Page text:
**Figure 12.**Valid tracing results comparison of both algorithms: (

**a**) SNN-Kalman tracing result; (

**b**) MCSNG-SNN-K tracing result.

**Figure 13.**The contrast of before and after the suppression and the comparison with ADS-B dataset: (

**a**) field data before suppression; (

**b**) clutter suppression result; (

**c**) real-time fights information from ADS-B dataset.

**Figure 14.**Tracing results of NN-MHT and MCSNG-NN: (

**a**) NN-MHT tracing result; (

**b**) MCSNG-NN tracing result.

**Figure 15.**Tracing results of SNN-Kalman and MCSNG-SNN-K: (

**a**) SNN-Kalman tracing result; (

**b**) MCSNG-SNN-K tracing result.

1. Calculate angular coordinate |

The angular coordinate set is $\Theta =\left\{{\mathsf{\theta}}_{\mathrm{k}}|{\mathsf{\theta}}_{\mathrm{k}+1}-{\mathsf{\theta}}_{\mathrm{k}}=3{\mathsf{\sigma}}_{\mathsf{\theta}},k=0\dots N,N=\left[\frac{{\theta}_{max}-{\mathsf{\theta}}_{0}}{3{\mathsf{\sigma}}_{\mathsf{\theta}}}\right]\right\}$. Where $[\xb7]$ is the symbol of round down, and N is the mesh counts in angular dimension. |

2. Aiming at each angular coordinate ${\mathsf{\theta}}_{\mathbf{k}}$ in Θ, iteratively calculate the grid division in range dimension. |

For ${\mathsf{\theta}}_{\mathrm{k}}$, $\mathrm{k}=0\dots \mathrm{N}$ Initialization: $\mathrm{i}=0$, ${\mathrm{R}}_{\mathrm{i}}$ = ${\mathrm{r}}_{0}$; Iteration: ${\mathrm{Rs}}_{\mathrm{i}}={\mathrm{R}}_{\mathrm{i}}+\sqrt{{\mathrm{R}}_{\mathrm{i}}^{2}+{L}^{2}+2{R}_{i}Lcos({\theta}_{k})}$; ${\rho}_{1}({R}_{si},{\theta}_{k})=\frac{{R}_{si}^{2}+{L}^{2}+2{R}_{si}Lcos({\theta}_{k})}{2{({R}_{si}+Lcos({\theta}_{k}))}^{2}}$, ${\rho}_{2}({R}_{si},{\theta}_{k})=\frac{({R}_{si}^{2}-{L}^{2})Lsin({\theta}_{k})}{2{({R}_{si}+Lcos({\theta}_{k}))}^{2}}$. ${\mathrm{R}}_{\mathrm{i}+1}={\mathrm{R}}_{\mathrm{i}}+3\sqrt{{\rho}_{1}^{2}({R}_{si},{\theta}_{k}){\mathsf{\sigma}}_{\mathrm{r}}^{2}+{\rho}_{2}^{2}({R}_{si},{\theta}_{k}){\mathsf{\sigma}}_{\mathsf{\theta}}^{2}}$; $\mathrm{i}=\mathrm{i}+1;$ Terminate when ${\mathrm{R}}_{\mathrm{i}}>{\mathrm{r}}_{max}$. ${\mathrm{N}}_{\mathrm{k}}=i$. ${\mathrm{N}}_{\mathrm{k}}$ is the mesh counts in range dimension for ${\mathsf{\theta}}_{\mathrm{k}}$. The range coordinate set is $\Lambda ={\{\mathrm{R}}_{\mathrm{i},{\theta}_{k}}|\mathrm{i}=0\dots {\mathrm{N}}_{\mathrm{k}},{\mathsf{\theta}}_{\mathrm{k}}\in \Theta \}$. |

Start Position (km, degree) in Polar Coordinates | Start Position (km) in Cartesian Coordinates | Track Slope | Track Intercept (km) | |
---|---|---|---|---|

Target 1 | (86.023,144.5) | (−70, 50) | 5 | 60 |

Target 2 | (70.456,96.5) | (−8, 70) | 10 | 100 |

Target 3 | (80.623,82.9) | (10, 80) | −3 | 10 |

Target 4 | (76.158,113.2) | (−30, 70) | −10 | 80 |

Target 5 | (70.711,135) | (−50, 50) | 30 | 55 |

Detection Accuracy Rate | False Alarm Decline Rate | Miss Detection Rate |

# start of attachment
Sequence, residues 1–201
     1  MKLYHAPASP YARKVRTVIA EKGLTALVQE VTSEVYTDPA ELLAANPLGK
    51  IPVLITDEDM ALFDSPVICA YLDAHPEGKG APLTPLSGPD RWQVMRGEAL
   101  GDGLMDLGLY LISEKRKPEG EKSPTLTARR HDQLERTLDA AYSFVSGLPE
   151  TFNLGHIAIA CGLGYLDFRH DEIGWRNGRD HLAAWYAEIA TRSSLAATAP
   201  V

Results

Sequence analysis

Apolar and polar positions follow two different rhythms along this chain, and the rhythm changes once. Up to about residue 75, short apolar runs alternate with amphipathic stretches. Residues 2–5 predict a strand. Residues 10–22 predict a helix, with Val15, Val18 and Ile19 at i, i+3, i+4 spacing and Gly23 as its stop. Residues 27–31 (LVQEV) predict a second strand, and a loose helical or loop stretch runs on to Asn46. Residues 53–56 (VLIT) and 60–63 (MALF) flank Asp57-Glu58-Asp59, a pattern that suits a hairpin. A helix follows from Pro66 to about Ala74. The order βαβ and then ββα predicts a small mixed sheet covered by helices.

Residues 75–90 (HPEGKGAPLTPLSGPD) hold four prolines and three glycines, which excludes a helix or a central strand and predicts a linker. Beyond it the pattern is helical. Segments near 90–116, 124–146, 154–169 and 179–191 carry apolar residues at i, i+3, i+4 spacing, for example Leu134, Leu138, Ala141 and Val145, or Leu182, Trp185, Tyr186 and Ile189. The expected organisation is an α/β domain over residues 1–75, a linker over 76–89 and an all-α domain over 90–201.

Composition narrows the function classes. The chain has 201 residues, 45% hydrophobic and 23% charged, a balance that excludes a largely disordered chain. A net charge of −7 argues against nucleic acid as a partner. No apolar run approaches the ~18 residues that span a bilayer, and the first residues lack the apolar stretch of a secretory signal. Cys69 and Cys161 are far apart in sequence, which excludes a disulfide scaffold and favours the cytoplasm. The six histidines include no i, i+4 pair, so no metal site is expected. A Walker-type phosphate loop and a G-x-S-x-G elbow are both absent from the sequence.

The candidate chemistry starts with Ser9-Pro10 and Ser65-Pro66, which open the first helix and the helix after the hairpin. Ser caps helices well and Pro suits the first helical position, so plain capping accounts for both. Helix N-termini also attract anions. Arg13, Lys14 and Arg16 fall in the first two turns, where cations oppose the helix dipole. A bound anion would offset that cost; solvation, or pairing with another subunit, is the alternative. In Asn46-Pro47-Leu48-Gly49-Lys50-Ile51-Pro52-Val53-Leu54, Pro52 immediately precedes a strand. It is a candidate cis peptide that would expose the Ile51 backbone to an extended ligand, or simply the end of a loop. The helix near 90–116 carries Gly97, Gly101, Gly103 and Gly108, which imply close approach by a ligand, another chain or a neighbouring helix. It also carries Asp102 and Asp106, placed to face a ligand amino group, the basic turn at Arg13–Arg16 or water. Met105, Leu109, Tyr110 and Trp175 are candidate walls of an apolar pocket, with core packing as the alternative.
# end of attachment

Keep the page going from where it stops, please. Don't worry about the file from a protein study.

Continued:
---|---|---|

97.45% | 10.24% | 2.55% |

Total Number of Traces | Mean Trace Length | Max Trace Length | Time Consuming (s) | |
---|---|---|---|---|

NN-MHT | 22 | 39.13 | 89 | 2.99 |

MCSNG-NN | 6 | 78.83 | 89 | 0.7 |

Mean Trace Error (m) | Velocity (m/s) | ||||
---|---|---|---|---|---|

Track NO. | SNN-Kalman | MCSNG-SNN-K | SNN-Kalman | MCSNG-SNN-K | True Value |

1 | 548.87 | 434.56 | 823.5 | 821.7 | 800 |

2 | 1596.55 | 389.63 | 873.6 | 809.4 | 750 |

3 | 644.06 | 141.85 | 614.7 | 612.0 | 600 |

4 | 1286.59 | 283.97 | 395.1 | 415.2 | 400 |

5 | 2721.07 | 1840.33 | 543.5 | 604.0 | 600 |

Total Number of Traces | Mean Trace Length | Max Trace Length | Time Consuming (s) | |
---|---|---|---|---|

SNN-Kalman | 104 | 64.89 | 654 | 0.6715 |

MCSNG-SNN-K | 23 | 124.47 | 474 | 0.6081 |

Total Number of Traces | Mean Trace Length | Max Trace Length | Time Consuming (s) | |
---|---|---|---|---|

NN-MHT | 31 | 38.7 | 135 | 4.83 |

MCSNG-NN | 9 | 39.3 | 120 | 1.36 |

Total Number of Traces | Mean Trace Length | Max Trace Length | Time Consuming (s) | |
---|---|---|---|---|

SNN-Kalman | 23 | 254.5 | 734 | 0.8536 |

MCSNG-SNN-K | 13 | 196.6 | 424 | 0.6467 |

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**MDPI and ACS Style**

Zhu, Q.; Li, T.; Pan, J.; Bao, Q.
PBR Clutter Suppression Algorithm Based on Dilation Morphology of Non-Uniform Grid. *Electronics* **2019**, *8*, 708.
https://doi.org/10.3390/electronics8060708

**AMA Style**

Zhu Q, Li T, Pan J, Bao Q.
PBR Clutter Suppression Algorithm Based on Dilation Morphology of Non-Uniform Grid. *Electronics*. 2019; 8(6):708.
https://doi.org/10.3390/electronics8060708

**Chicago/Turabian Style**

Zhu, Qian, Tao Li, Jiameng Pan, and Qinglong Bao.
2019. "PBR Clutter Suppression Algorithm Based on Dilation Morphology of Non-Uniform Grid" *Electronics* 8, no. 6: 708.
https://doi.org/10.3390/electronics8060708